[Trenton, NJ] – Today, as New Jersey’s one year moratorium on the dangerous shale gas drilling technique known as "fracking" expires, Environment New Jersey pressed for further action to protect the state’s waterways and environment from this controversial and damaging practice to extract fossil fuels.
“From toxic contamination of drinking water to the destruction of the beautiful places we love – we’ve seen what shale gas drilling has in store for our environment and our communities. To date, we’ve been lucky that New Jersey hasn’t been the guinea pig for these activities like Pennsylvania next door. But we need to take heed of the hard lessons learned by other states and keep shale gas drilling out of New Jersey,” said Environment New Jersey’s clean water associate, Megan Fitzpatrick.
New Jersey need look no further than neighboring Pennsylvania to see how shale gas drilling and the controversial practice known as “fracking” has opened up a Pandora’s Box that has led to a swath of environmental destruction and public health threats.
The gas industry in Pennsylvania has committed 2,700 violations of cornerstone environmental laws in recent months. Their pollution of rivers, streams and groundwater has led to drinking water advisories for hundreds of thousands of residents near Pittsburgh. And in the most egregious cases, drilling companies have been slapped with multi-million dollar fines. There have been explosions, fires, semi-truck safety violations by the thousands, and air pollution. The list goes on and on.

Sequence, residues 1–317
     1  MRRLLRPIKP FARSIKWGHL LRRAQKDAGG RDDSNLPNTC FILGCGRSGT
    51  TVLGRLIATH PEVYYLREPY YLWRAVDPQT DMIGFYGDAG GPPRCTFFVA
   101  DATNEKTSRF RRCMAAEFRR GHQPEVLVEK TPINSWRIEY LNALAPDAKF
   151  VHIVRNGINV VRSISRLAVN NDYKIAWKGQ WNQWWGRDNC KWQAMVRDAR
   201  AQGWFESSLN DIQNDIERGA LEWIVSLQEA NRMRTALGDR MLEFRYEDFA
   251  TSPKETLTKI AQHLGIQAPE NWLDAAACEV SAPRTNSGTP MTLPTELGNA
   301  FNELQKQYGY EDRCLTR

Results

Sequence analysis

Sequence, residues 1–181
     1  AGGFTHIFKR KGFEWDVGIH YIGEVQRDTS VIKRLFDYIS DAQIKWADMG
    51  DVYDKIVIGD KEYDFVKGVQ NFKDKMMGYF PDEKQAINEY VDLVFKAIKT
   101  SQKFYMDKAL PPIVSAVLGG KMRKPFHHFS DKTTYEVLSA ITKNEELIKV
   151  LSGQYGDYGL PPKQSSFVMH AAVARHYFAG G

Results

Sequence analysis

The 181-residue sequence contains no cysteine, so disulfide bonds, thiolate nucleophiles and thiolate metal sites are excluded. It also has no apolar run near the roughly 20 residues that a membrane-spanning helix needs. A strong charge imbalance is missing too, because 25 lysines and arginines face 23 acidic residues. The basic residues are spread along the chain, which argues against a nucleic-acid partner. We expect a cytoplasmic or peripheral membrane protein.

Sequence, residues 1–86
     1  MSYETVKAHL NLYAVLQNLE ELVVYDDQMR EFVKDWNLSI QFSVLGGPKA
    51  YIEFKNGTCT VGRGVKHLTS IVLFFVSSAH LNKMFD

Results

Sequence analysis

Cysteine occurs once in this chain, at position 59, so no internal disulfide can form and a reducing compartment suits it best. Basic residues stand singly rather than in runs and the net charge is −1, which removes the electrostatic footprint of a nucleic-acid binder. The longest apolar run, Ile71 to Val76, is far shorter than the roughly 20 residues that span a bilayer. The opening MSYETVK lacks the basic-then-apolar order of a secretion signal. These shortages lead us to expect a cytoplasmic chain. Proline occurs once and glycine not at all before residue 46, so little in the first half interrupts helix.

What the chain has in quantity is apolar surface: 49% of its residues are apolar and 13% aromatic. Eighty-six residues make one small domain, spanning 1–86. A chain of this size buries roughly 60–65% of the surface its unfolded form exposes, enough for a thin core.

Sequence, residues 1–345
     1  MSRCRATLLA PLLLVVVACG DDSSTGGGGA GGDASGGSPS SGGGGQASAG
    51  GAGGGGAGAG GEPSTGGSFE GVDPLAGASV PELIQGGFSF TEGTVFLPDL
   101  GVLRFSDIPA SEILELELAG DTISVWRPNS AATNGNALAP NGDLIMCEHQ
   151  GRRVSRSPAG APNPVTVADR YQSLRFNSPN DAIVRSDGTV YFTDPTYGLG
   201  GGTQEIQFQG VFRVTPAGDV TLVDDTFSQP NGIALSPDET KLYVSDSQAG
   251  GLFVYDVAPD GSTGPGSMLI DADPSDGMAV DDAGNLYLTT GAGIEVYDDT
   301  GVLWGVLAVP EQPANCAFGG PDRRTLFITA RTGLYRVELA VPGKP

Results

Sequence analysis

“They say that those who forget history are doomed to repeat it. With New Jersey left vulnerable again to this dirty and dangerous drilling practice, it looks like the Garden State is going to learn the hard way unless our leaders in Trenton take action,” said Fitzpatrick.
“Environment New Jersey calls on our leaders in Trenton, including Governor Christie, to avoid repeating the unfortunate history that has played out in Pennsylvania and protect New Jersey’s environment by keeping this dirty and dangerous drilling out of our state now and for generations to come. At the same time, we call on the Delaware River Basin Commission to implement a permanent ban on gas drilling near the Delaware River,” concluded Fitzpatrick.